Back on land, it was time to rinse the dive gear and pack up. Many businesses claim to treat you like family, but Anthia Diving Center certainly lived up to that standard. Friendly faces and genuine inquiries into how things were going were carried out by the whole staff. Plus, on some days, there was Mel, an adorable furbaby scuba mascot more than willing to accept belly rubs and petting. I left feeling like I had made new friends.


On my last morning in Sesimbra, I got up with the sun to climb the stairs to Castelo de Sesimbra, a medieval stone castle high above the village and port. As I made my way, I had only seen one other person (and his dog) walking along the path, and when I reached the top, I was able to wander around the grounds by myself and take in the views of the lovely city below.

Returning to the Four Points hotel, I indulged in one more breakfast, taking my time, as I had no dive boat to catch. I leisurely packed and made my way to Lisbon via an inexpensive Bolt (Europe’s version of Uber or Lyft), which took about an hour.

After checking into my Lisbon hotel, I set out with no destination and wandered the cobblestone streets that ascended and descended as much as they twisted and turned through the city. I eventually found myself at another castle, this time the Castelo de São Jorge. It was a bigger castle, for sure, but it was crowded with tourists. It sunk in then how lucky I had been to explore the Sesimbra castle all on my own that morning. Seeing the lovely sweeping views of Lisbon from the perch of Castelo de São Jorge showed me the layout of the city and the density of buildings and colorful red roofs.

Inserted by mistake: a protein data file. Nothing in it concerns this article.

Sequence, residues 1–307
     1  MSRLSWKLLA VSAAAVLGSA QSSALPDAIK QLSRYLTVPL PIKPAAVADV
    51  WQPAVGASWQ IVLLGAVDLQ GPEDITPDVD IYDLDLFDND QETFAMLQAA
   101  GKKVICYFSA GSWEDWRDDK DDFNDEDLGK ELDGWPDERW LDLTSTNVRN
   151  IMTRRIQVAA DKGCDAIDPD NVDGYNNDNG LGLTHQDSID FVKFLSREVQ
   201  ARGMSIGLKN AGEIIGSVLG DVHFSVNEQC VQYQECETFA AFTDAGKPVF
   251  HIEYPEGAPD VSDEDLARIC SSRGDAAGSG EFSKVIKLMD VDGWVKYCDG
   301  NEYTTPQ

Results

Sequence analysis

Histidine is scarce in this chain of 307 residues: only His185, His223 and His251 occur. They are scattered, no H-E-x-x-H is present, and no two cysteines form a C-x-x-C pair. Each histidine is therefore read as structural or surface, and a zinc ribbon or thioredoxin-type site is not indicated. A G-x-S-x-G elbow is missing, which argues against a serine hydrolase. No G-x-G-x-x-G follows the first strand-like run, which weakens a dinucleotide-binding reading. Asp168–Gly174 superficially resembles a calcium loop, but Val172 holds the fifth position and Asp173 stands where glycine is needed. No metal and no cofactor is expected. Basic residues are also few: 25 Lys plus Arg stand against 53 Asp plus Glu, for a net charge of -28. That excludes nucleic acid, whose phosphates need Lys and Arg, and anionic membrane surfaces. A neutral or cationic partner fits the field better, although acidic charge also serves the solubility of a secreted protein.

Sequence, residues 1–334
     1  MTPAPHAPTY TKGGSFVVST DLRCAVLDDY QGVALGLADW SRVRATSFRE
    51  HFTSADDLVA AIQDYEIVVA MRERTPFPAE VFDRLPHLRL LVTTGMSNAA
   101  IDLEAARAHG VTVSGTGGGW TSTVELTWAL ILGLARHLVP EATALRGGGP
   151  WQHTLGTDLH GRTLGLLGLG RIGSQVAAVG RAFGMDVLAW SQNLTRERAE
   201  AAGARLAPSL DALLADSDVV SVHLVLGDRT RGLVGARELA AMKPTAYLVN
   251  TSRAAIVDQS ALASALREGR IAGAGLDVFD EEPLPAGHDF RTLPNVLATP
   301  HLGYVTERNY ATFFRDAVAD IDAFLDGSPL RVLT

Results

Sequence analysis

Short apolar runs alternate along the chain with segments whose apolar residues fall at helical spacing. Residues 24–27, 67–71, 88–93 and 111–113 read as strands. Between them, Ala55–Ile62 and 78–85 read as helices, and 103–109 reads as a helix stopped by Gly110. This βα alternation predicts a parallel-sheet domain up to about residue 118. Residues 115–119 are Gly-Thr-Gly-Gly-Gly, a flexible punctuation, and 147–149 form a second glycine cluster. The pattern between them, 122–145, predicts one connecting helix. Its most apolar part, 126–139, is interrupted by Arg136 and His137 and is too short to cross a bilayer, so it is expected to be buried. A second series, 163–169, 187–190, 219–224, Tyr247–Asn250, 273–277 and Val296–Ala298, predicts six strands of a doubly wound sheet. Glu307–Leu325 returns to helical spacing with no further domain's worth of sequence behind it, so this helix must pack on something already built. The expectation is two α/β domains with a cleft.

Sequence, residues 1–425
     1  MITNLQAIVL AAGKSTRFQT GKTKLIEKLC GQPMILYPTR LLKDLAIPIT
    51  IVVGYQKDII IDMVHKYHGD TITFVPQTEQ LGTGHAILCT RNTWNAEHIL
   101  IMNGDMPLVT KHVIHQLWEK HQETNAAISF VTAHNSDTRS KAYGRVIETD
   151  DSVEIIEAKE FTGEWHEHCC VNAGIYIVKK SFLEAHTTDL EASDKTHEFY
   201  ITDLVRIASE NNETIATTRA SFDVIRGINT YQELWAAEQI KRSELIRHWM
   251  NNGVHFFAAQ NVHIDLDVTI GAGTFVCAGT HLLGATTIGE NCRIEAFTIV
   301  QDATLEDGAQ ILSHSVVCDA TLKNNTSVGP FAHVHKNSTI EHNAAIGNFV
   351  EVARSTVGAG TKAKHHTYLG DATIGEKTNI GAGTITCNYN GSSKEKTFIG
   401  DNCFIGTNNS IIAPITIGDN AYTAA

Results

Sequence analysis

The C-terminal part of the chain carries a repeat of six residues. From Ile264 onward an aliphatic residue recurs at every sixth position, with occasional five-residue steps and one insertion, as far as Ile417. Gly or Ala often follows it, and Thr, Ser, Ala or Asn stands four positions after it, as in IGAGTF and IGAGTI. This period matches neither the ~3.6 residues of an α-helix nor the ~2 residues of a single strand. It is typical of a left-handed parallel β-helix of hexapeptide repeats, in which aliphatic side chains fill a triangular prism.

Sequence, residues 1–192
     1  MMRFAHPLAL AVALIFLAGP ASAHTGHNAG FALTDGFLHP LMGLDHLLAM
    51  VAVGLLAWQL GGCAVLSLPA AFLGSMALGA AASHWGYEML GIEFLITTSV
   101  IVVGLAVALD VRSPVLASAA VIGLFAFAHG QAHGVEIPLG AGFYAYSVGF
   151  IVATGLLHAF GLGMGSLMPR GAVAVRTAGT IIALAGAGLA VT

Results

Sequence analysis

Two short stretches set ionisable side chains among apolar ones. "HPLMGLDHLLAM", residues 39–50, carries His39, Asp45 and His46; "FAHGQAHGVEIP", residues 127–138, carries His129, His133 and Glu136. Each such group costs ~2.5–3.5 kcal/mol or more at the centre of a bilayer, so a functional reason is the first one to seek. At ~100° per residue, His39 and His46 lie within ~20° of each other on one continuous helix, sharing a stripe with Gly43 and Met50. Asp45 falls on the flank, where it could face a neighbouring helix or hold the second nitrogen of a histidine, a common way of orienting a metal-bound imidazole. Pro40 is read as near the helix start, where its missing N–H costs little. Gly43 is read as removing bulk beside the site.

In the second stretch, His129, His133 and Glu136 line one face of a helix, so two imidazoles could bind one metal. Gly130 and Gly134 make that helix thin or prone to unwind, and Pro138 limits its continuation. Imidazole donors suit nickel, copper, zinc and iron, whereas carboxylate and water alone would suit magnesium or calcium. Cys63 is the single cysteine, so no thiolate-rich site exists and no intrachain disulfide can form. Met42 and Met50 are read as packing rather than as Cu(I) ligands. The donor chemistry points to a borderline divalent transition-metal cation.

Continuing to wander, I stopped by one of the many pastry shops for a coffee and Portugal’s famous pastel de nata. These delicious egg custard tarts brought back memories for me of Macau, where I first sampled them. Remnants of colonial Portugal live on through the food still popularly served in those places.

Walking through the Alfama neighborhood, I saw familiar sights of restaurants and cafes spilling out the doors into the streets. People were sitting at tables in the shade of umbrellas, looking completely relaxed with various glasses of wine, beer or Aperol spritz. I stopped for a sandwich and a porto tonico, which came in a giant glass with whole slices of lemons and a cinnamon stick. This refreshing drink used white port mixed with tonic water, and was great to cool down with, in the afternoon sun.

As my trip was coming to an end, I reminisced about how nice it had been. Good diving, food, drinks, lovely sights, and absolutely fantastic people. Portugal seems to value the importance of every moment and how you spend it. I look forward to the next Diving Talks, and hopefully, a bit more diving around this beautiful country.

Special thanks go to Anthia Diving Center and their staff (, Four Points by Sheraton Sesimbra (, and Arlindo Serrão of Portugal Dive and Diving Talks. American underwater photographer, dive writer and regular contributor Brandi Mueller is a PADI IDC Staff Instructor and boat captain living in Micronesia. When she is not teaching scuba or driving boats, she is most happy traveling and being underwater with a camera. Mueller’s book, The Airplane Graveyard, featuring her underwater photos of forgotten American WWII airplanes at the bottom of the Kwajalein Atoll lagoon, is available at For more information, visit: